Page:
I stepped into the shower, closing the sliding glass door, and stepped into the hot steaming water. Closing my eyes, I allowed the hot water pour down my face and onto my back. I turned to feel the warm water fall to my back and saw a spider, with thin long blonde legs, building its web at the window of my bathroom.
I studied it with precision, wondering what its plan was. It moved along the web and to the back of the art frame by the window. I grabbed a handful of hot water from the pouring shower and threw it at the spider’s web. It scuttled off, leaving its thin web behind. I grabbed another handful of water and hurled it at its web. I was determined to destroy his work of art. I hated it. I hated all spiders. But more so, I feared them.
My dread for spiders began that early morning when I woke up from sleep in my school dormitory feeling a pain at my back. I turned to look, stretching my arms behind, but I could only feel hard bumps on my back. The pain etched into my skin, spreading to my chest. I called my roommate to see. She looked at it, and then at me, with a face full of repulsion. She explained that there were black big bumps, like moles but even bigger, on my back. We went together to the nurse at my dormitory and complained. She asked me to remove my sleeping shirt, and then looked at the six black bumps that had appeared overnight. She pressed them carefully and after a few seconds of observation explained that it was a spider-a poisonous spider that had bit me. Had it bitten me much more than just six times, she explained, I’ll probably not be standing here right now. After that, I hated spiders.
Through the corner of my eye, I could see the spider with its tiny legs, crawling along the art glass frame on my bathroom counter. I hurled boiling water against the frame, targeting the spider but I missed it. It just stood there, unaware of my malicious plans. I grabbed more hot water, increasing the steam from the shower, and hurling it at the spider. I got it this time. It scurried with its soggy legs up the top of the art frame, but as though it was blind to the danger spot, it kept coming back down, and each time I kept tossing the steaming water at it until it scurried back up again. I glanced to its long legs crawling meticulously and it seemed like an enemy trying to revenge its attacker. I looked at its minute head and wondered if it could see me. It then moved to his feeble but undestroyed webs and started making new set of stronger spider webs. In an unrelenting search for control, I grabbed another handful of hot water and hurled it at the spider and his web. I moved close enough to get him, but the spider jumped or scurried and found himself on my arm.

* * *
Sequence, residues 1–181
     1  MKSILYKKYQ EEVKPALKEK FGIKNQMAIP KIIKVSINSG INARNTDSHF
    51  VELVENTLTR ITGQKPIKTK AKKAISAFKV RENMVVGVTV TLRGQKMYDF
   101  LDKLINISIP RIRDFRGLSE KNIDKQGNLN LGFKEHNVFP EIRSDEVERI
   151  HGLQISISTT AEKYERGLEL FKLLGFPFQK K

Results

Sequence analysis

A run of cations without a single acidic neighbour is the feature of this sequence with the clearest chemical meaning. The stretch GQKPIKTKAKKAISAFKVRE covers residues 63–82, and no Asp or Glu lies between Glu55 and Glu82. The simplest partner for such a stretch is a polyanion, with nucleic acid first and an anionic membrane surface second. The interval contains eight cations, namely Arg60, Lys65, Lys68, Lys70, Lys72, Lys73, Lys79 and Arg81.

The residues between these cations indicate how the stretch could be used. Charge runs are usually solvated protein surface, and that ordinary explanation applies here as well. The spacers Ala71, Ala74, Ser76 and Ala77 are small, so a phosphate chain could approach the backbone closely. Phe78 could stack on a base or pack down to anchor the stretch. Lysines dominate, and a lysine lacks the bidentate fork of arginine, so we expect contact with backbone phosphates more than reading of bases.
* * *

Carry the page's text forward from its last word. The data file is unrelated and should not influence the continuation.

I stared at my arm, afraid to touch it, but wanting desperately for it to go. It started crawling, up my arm to my shoulder. I stared down at the spider, now few inches from my face. It just stood there for a moment, then turned around, and scurried down my arm. The hot water fell on it and it dashed off and found its way back onto the window frame. It hadn’t bit me. Even after all I had done, it didn’t hurt me. It was actually harmless.
As I looked at the tiny spider, going back to its business, I realized something about life. Just because I had been bitten by a poisonous spider, I assumed that all spiders were poisonous and mean. It made me remember a lot situations I had treated the same. Just because I had encountered mean guys, who hurt me, doesn’t mean that all guys are the same. Just because I was hurt by those who look like that, does not mean that everyone who looks like that would behave the same.
And with that, I allowed the spider to build his web. I stopped tearing it down.